- Bad translations can be filtered out of a post-editing process. The post-editing can be made more efficiently because the post-editor does not need the spend time with useless translations.
- Deciding whether the machine translation is good enough for publishing will become easier.
- The system can be used to select the best among several machine translations. This will obviously improve the overall perceived machine translation quality as well as avoid embarrassing mistakes.
Lately we at Multilizer have made significant steps in estimating machine translation quality automatically. The quality estimation will be also one of the subjects in a scientific workshop about machine translation in Montreal at the beginning of June.
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In association with Kites, Finnish machine translation experts and enthusiasts have formed Special Interest Group for machine translation in Finland. In one meeting we handled a hot subject of post-editing machine translations. Post-editing means that a professional translator checks and edits automatic translations which are made by a machine. The interesting topic with excellent presentations (one made by Jukka Outinen of Lionbridge and another by freelance translator Tommi Nieminen) sparked a lively discussion.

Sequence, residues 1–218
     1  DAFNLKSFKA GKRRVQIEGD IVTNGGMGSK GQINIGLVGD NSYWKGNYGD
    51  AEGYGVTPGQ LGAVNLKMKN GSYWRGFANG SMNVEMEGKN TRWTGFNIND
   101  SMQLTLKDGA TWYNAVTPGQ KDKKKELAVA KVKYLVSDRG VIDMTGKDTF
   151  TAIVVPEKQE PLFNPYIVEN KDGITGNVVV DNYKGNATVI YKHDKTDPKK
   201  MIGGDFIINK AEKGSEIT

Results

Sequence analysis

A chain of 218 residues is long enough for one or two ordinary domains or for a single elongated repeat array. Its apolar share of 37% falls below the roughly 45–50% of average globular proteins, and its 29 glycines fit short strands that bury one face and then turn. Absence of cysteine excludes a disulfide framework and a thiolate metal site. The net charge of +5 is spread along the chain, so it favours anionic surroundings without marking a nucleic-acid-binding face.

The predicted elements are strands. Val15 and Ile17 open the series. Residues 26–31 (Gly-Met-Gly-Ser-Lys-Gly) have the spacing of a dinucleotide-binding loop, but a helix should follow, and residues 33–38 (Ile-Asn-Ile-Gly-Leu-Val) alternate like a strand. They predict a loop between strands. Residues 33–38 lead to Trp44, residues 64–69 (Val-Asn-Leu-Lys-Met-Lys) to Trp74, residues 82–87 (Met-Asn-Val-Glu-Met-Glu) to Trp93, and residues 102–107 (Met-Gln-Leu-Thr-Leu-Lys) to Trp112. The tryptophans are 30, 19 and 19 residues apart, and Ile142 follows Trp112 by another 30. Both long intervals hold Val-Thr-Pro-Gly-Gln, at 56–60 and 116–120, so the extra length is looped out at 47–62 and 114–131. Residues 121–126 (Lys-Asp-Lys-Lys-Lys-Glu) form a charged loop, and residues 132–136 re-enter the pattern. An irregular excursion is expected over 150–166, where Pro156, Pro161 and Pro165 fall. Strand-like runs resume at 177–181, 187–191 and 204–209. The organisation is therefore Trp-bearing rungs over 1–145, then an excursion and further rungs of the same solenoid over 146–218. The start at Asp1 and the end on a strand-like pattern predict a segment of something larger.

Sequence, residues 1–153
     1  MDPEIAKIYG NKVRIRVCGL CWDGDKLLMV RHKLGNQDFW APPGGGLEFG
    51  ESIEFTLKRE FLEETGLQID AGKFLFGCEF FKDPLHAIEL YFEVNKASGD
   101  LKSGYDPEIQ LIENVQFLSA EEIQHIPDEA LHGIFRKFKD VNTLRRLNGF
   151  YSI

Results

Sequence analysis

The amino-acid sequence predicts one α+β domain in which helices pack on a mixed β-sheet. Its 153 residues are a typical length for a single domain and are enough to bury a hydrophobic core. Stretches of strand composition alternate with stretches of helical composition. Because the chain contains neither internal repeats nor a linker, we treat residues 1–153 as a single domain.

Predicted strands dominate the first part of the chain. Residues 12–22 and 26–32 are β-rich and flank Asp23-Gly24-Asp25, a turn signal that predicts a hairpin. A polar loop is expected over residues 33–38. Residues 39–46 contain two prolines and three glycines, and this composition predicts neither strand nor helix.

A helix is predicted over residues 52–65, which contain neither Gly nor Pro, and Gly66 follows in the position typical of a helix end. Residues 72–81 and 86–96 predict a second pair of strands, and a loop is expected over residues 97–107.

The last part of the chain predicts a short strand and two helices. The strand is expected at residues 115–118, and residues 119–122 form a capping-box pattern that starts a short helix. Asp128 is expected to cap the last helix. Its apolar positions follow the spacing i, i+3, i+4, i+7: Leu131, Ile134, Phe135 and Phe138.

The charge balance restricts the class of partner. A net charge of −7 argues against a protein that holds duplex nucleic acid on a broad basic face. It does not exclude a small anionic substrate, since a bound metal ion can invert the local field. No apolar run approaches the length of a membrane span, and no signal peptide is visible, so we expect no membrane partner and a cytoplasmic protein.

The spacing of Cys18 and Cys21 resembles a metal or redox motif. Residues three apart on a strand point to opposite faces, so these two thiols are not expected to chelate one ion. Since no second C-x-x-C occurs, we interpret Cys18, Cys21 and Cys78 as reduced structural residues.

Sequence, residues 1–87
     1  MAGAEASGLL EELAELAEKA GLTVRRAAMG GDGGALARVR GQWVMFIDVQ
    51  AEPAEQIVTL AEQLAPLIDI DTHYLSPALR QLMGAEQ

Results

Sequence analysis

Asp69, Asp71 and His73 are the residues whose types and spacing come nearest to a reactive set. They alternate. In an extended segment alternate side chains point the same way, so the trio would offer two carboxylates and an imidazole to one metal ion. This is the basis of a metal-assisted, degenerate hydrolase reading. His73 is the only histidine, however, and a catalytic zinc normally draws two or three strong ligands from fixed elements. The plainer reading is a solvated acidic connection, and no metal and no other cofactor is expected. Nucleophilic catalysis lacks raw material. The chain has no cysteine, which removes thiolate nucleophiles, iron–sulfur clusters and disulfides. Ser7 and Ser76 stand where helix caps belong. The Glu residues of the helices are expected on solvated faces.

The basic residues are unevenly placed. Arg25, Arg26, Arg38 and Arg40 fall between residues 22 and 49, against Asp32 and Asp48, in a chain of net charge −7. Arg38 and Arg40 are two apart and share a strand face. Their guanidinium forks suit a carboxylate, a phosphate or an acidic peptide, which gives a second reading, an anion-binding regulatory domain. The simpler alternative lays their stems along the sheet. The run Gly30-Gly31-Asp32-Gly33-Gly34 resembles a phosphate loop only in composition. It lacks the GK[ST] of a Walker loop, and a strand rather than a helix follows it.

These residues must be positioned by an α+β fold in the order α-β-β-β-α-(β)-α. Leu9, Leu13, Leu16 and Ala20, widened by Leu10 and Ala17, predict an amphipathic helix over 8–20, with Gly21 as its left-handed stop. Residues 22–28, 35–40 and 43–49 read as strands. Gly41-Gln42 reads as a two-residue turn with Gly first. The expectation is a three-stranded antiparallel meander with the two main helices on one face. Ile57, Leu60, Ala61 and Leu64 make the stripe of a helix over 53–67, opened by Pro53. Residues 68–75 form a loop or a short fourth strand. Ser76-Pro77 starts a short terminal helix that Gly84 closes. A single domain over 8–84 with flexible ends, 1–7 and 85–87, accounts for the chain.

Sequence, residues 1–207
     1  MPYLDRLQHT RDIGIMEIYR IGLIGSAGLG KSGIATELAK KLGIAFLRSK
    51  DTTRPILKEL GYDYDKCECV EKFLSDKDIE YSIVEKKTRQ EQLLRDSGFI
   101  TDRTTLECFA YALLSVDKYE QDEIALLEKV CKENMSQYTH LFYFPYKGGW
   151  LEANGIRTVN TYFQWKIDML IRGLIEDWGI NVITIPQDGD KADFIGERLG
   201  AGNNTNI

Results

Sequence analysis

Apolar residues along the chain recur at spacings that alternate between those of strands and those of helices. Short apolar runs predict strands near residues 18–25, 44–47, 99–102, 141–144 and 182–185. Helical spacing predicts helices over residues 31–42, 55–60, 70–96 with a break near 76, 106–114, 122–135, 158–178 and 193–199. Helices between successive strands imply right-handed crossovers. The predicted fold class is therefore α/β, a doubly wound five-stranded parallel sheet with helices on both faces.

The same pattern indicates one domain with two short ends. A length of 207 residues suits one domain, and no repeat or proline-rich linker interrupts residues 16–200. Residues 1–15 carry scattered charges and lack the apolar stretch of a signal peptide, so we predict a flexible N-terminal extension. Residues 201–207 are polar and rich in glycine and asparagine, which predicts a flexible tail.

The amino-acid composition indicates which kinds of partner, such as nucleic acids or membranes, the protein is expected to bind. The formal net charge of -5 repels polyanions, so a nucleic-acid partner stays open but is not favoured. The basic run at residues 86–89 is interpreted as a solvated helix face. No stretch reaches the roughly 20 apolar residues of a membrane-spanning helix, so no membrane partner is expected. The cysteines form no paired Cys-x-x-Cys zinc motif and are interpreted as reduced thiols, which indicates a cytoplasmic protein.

One of the ideas highlighted during the meeting was that in traditional translation by a professional translator, it does not make much sense to lower one’s quality requirements. It does not improve productivity. A professional translator cannot choose to “write bad translations”. With professional translators, the style and fluency of the text come together with the translation. However, the situation is different when post-editing machine translations.
In post-editing machine translations it can make sense to lower quality requirements because that indeed improves productivity. When the task is to post-edit an automatic translation, the translator can choose not to correct those parts of the machine translation that are correct but written in a clumsy language. Thus the translator saves some time at the expense of the quality. Therefore, in post-editing machine translations the quality can indeed be traded for productivity.
This naturally changes the translation market. Clients can now choose between lower and higher quality, depending on his requirements and budget. Affordable, quick and good enough translations made by a machine and a man together are fulfilling the scale of available translation services. An increase in productivity will enlarge the entire translation industry.